We propose an approach to detect the relevance of displayed information to a user's decision-making process. Through an intuitive threshold-parameter designers can easily choose the right trade-off between true and false positive rates (left) that suits a specific UI adaptation scheme, such as highlighting information relevant to a specific user when searching for an apartment (right). It does this without requiring any explicit feedback from users by only observing their gaze behavior during a decision process.
This paper proposes an approach to detect information relevance during decision-making from eye movements in order to enable user interface adaptation. This is a challenging task because gaze behavior varies greatly across individual users and tasks and ground-truth data is difficult to obtain Thus, prior work has mostly focused on simpler target-search tasks or on establishing general interest, where gaze behavior is less complex. From the literature, we identify six metrics that capture different aspects of the gaze behavior during decision-making and combine them in a voting scheme. We empirically show, that this accounts for the large variations in gaze behavior and out performs standalone metrics. Importantly, it offers an intuitive way to control the amount of detected information, which is crucial for different UI adaptation schemes to succeed. We show the applicability of our approach by developing a room-search application that changes the visual saliency of content detected as relevant. In an empirical study, we show that it detects up to 97\% of relevant elements with respect to user self-reporting, which allows us to meaningfully adapt the interface, as confirmed by participants Our approach is fast, does not need any explicit user input and can be applied independent of task and user.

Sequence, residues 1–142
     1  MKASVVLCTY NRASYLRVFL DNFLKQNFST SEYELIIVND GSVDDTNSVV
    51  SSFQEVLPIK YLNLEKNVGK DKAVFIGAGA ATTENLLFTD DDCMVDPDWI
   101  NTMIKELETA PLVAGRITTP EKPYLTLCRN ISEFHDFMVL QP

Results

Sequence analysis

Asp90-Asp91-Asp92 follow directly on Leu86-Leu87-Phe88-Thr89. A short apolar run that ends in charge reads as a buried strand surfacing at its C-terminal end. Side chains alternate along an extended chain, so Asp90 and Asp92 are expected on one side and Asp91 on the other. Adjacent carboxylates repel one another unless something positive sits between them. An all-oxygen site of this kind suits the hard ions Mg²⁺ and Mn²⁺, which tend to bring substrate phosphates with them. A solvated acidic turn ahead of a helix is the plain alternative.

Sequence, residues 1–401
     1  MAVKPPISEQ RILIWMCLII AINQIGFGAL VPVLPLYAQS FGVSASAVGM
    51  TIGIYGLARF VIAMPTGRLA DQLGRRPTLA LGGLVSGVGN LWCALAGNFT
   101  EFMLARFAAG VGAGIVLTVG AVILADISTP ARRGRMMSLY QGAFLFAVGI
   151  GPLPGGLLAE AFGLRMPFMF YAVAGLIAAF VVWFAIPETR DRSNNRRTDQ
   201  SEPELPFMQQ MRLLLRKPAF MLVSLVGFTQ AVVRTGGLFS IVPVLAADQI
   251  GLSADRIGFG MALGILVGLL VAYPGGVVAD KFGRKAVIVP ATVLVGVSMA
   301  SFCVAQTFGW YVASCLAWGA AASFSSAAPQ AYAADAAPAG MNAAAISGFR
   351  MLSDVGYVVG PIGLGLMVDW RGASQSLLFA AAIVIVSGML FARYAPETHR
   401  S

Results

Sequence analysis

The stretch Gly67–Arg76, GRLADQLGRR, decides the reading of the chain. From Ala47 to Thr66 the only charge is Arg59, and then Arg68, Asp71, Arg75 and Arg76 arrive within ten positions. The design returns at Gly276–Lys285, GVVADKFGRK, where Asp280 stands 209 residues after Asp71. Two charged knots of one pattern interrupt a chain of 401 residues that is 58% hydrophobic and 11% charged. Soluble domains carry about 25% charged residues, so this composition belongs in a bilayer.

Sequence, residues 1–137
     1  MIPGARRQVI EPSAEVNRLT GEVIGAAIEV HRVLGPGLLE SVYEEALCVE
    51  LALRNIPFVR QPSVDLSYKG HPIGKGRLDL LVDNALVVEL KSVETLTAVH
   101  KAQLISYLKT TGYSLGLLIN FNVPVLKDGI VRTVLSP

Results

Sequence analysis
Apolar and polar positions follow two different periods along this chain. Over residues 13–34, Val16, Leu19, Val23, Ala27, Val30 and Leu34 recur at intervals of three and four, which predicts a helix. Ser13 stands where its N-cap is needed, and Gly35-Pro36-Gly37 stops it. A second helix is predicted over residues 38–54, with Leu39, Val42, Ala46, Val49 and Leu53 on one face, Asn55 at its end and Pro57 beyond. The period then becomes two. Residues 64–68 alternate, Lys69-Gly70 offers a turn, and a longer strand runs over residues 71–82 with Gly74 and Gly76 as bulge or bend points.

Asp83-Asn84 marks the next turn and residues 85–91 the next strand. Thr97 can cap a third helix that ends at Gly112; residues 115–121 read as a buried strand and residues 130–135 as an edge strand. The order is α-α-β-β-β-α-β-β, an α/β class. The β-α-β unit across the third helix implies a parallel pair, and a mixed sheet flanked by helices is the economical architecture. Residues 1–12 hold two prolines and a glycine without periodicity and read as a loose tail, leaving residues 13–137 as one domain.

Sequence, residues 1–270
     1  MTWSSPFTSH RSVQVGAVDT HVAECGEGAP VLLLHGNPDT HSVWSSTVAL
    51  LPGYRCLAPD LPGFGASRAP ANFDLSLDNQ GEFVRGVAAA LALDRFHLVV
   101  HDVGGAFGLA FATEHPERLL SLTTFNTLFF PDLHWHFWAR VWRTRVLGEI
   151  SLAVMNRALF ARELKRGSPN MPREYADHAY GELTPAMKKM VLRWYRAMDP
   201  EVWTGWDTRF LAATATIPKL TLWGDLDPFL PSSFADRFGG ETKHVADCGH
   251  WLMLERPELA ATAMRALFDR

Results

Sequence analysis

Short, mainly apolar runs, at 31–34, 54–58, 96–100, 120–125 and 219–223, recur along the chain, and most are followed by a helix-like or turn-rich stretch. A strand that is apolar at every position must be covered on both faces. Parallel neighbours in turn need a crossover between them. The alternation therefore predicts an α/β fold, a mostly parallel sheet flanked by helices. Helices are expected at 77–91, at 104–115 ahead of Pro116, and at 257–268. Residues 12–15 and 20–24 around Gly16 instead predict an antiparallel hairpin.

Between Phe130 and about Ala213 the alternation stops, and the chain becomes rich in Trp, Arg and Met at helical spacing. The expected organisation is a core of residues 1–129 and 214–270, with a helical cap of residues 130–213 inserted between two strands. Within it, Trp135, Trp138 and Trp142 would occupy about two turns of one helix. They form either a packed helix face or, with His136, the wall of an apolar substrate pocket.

We would like to thank Christoph Gebhardt for insightful discussions. This project has received funding from the European Union’s Horizon 2020 research and innovation program / from the European Research Council under the Grant Agreement No. StG-2016-717054.